I've managed to break my bike frame, and after doing some reading, it is possible that I'm not pedaling correctly by putting too much into my power stroke (see the related question I keep breaking my road frames - why?).

What is the correct technique to pedal, and what is the best way to get up to speed without causing too much stress to the bike frame?

  • 4
    It's much more likely that your frame broke for another reason, rather than pedaling style. Broken frames are not uncommon and can be caused by manufacturing defects, wear & tear, or weakness caused by previous crashes. The poster of the linked question has broken 4 frames all in the same area. Where did your frame break?
    – darkcanuck
    Commented Mar 7, 2011 at 21:08
  • Broke right on the weld between the down tube and the seat tube.
    – Sasha
    Commented Mar 8, 2011 at 7:40
  • 2
    If it's on the weld then odds are high it could be a defect. Have you contacted the frame manufacturer? I had a similar problem once and they replaced the entire frame free, plus labour to reassemble the bike.
    – darkcanuck
    Commented Mar 9, 2011 at 0:23
  • Seems like it was a case of a bad weld. The replacement frame also broke after a couple of years of use.
    – Sasha
    Commented Mar 24, 2014 at 4:24

4 Answers 4


Short answer: It sounds pretty unbelievable to me, but you could try pedalling with easier gears and spinning legs faster instead of applying lots of power.


There's a lot of theories about correct ways to pedal and different ways to do it, and different equipment setups that can either help you do it right or help you learn to do it right. But unless you're worried about small differences (like for competitive riding), it can be kept relatively simple. I'm sure we have some users who can talk more about specific pedaling techniques.

  1. Pedal in an easier gear (but faster).
  2. Try to use more of the pedal stroke.
  3. Don't fight your own pedal power.
  4. Don't stand. Stay on the saddle.
  5. Generally try to keep everything smooth and even with no bouncing.

The easier gear thing should be fairly obvious. You can get the same power by pedaling faster in a lower gear. This should reduce the strain on the bottom bracket area. Don't power through a tough gear when starting up, downshift while slowing down.

There's a tendency for some people to "mash" the pedal from a bit in front of the top of the stroke down to about the bottom. Often with a substantial side-to-side weight shift. That will always be the most powerful part of your pedal stroke, but try to also use the top of the stroke and the bottom. That kind of mashing seems likely to be harder on the frame. Try to push the pedal over the top and scrape it across the bottom.

As far as fighting your own pedal power: on the back side of the stroke, try to lift your foot a bit. Don't lift so much that your foot actually comes off of a platform pedal (this is an advantage of clips or clipless systems). Most people leave a fair amount of weight on the back pedal and they're pushing against it with the front pedal. If you provide some lift to the rear foot you'll go faster and produce less total downward force on the bottom bracket. Especially if you're clipped in, it might feel like you're pulling the rear pedal up.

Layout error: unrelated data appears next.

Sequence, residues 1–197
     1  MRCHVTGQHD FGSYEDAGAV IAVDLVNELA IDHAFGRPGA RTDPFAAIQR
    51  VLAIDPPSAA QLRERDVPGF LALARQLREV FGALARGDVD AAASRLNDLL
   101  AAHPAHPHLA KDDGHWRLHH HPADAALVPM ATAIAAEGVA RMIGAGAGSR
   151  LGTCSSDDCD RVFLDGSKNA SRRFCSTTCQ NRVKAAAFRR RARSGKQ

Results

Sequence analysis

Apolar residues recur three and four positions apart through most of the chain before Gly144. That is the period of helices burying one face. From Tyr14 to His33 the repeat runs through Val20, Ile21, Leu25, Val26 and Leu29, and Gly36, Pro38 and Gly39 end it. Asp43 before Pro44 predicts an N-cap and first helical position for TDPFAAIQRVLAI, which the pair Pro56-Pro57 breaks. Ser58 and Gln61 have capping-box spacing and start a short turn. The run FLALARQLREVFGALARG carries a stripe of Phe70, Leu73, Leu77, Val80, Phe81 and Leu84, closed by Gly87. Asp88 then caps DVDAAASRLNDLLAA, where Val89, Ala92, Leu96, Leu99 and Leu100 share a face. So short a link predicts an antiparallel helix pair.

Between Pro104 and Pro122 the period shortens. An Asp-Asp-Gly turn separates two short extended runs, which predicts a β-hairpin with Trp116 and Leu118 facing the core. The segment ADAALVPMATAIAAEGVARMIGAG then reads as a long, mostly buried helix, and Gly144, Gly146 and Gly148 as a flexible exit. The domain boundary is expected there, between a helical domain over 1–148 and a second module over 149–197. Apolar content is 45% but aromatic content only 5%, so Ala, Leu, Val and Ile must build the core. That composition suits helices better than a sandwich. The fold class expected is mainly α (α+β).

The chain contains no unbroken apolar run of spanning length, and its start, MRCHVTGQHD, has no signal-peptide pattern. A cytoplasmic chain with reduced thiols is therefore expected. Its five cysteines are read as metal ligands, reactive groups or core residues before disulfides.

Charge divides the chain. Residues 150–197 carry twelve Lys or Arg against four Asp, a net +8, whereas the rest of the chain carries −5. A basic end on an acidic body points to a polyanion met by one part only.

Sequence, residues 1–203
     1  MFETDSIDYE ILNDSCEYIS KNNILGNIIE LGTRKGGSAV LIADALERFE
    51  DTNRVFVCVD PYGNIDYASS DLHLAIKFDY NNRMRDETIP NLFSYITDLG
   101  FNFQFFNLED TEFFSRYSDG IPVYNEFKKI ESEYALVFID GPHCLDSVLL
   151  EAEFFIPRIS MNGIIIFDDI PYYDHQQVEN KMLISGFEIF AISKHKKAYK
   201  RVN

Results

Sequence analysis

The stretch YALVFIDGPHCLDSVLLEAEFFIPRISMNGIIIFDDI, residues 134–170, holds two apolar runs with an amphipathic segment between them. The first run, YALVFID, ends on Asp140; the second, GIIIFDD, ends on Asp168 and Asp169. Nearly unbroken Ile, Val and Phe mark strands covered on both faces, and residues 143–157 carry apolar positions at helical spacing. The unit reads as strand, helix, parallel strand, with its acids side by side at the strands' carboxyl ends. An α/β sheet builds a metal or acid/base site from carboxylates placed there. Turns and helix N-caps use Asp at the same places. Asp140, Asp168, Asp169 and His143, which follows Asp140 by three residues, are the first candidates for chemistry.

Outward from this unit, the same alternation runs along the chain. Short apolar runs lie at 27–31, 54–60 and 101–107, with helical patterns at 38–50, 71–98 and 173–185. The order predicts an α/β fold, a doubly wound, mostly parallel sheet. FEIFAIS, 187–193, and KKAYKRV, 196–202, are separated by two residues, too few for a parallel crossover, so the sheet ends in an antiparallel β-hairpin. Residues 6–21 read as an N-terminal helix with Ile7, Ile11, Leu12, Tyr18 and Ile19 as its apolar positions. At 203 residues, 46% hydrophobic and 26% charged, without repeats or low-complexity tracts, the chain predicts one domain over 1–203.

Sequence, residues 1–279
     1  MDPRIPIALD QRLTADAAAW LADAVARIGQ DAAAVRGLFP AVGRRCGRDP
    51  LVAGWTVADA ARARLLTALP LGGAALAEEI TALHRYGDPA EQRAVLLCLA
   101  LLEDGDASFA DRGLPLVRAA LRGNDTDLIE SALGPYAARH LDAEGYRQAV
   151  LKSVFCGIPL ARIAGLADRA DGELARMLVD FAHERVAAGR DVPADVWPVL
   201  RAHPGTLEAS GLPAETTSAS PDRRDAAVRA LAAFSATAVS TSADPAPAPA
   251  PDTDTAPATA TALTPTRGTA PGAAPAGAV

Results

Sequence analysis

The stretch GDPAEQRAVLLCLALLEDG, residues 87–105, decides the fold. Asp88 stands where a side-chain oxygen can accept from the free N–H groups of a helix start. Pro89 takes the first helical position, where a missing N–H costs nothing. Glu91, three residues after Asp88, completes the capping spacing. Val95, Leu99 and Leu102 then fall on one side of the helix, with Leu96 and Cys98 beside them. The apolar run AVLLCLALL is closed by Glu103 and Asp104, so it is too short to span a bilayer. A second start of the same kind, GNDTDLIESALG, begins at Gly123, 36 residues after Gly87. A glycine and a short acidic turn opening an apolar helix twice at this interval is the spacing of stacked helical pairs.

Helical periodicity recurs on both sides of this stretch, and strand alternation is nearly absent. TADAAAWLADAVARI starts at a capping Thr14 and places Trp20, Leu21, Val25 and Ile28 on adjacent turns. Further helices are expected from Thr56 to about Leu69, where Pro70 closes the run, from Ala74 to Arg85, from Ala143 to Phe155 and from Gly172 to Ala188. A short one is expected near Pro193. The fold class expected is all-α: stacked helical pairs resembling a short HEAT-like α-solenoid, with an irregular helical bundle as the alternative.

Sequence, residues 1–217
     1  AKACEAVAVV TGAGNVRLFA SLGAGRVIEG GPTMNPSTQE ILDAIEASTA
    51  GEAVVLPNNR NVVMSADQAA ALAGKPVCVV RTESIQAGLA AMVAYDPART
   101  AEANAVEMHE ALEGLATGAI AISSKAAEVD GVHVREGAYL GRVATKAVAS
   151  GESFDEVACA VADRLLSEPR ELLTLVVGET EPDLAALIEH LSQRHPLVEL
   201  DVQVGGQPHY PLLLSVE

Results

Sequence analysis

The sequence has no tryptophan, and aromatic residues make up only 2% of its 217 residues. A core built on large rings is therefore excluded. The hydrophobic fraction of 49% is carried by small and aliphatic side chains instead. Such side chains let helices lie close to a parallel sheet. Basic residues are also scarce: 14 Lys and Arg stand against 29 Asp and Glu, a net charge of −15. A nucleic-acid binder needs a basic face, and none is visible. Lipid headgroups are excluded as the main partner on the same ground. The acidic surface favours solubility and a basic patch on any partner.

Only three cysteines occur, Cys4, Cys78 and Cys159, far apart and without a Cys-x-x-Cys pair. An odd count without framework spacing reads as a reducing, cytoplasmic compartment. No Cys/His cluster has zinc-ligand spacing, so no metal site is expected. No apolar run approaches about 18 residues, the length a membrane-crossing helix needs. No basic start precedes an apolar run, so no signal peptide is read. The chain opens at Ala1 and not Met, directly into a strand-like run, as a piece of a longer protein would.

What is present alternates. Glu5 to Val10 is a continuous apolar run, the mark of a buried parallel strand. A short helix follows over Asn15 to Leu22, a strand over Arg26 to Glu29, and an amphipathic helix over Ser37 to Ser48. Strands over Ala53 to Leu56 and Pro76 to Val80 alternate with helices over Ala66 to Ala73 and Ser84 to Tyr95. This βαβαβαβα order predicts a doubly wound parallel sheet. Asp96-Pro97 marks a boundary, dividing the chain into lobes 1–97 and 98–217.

Standing puts your weight all on the bottom bracket and handlebars. The bike is designed to have a good portion of your weight on the saddle. Occasionally standing shouldn't be a problem, but doing it too often is a common bad habit and hard on the bike.


'Spinning' is the idea that the momentum of the legs is maintained through using a slightly higher gear than you might be able to push it with. So you'll be trying to maintain an almost constant rhythm, you don't push explicitly - or if you do, you're matching it with a pull on the other side. By constant I mean both rev to rev, but almost within the revolution, pushing harder (even on both sides) is going to be accelerating and slowing down within each stroke - maintenance of speed and momentum is generally easier than creation.

Too much power is a slightly bizarre, but completely credible idea: if you're pedalling 80 or 100 revs per minute, or even slightly higher, you should be trying to keep each rev the same. Pushing significantly harder for a few revs (or parts of revs) won't make a massive speed difference, but will hurt you and possibly your bike!

Straight away, a quick observation is that these styles will only really work if you're clipped in (or maybe with straps).


You are going to break you before you break a bike frame - with bad pedaling !

  • 1
    I doubt anyone posting here has as much power in their legs as a pro does. Even with their spinning there is climbing and they put a lot of force on those pedals. Sure they ride nicer frames but it's pretty unbelievable that anyone could break a frame from pedaling too hard. Commented Mar 7, 2011 at 17:23
  • 1
    I do think there's more to the story that that but I'm not convinced that the peak power output of some people here is automatically less than a pro's. Maybe Cav, Hushovd or any decent sprinter would be head and shoulders above us, but I'd like to give an average domestique a go on a peak power meter - and I don't think I'm particularly special :) Or maybe I'm just deluded ...
    – Unsliced
    Commented Mar 7, 2011 at 21:48

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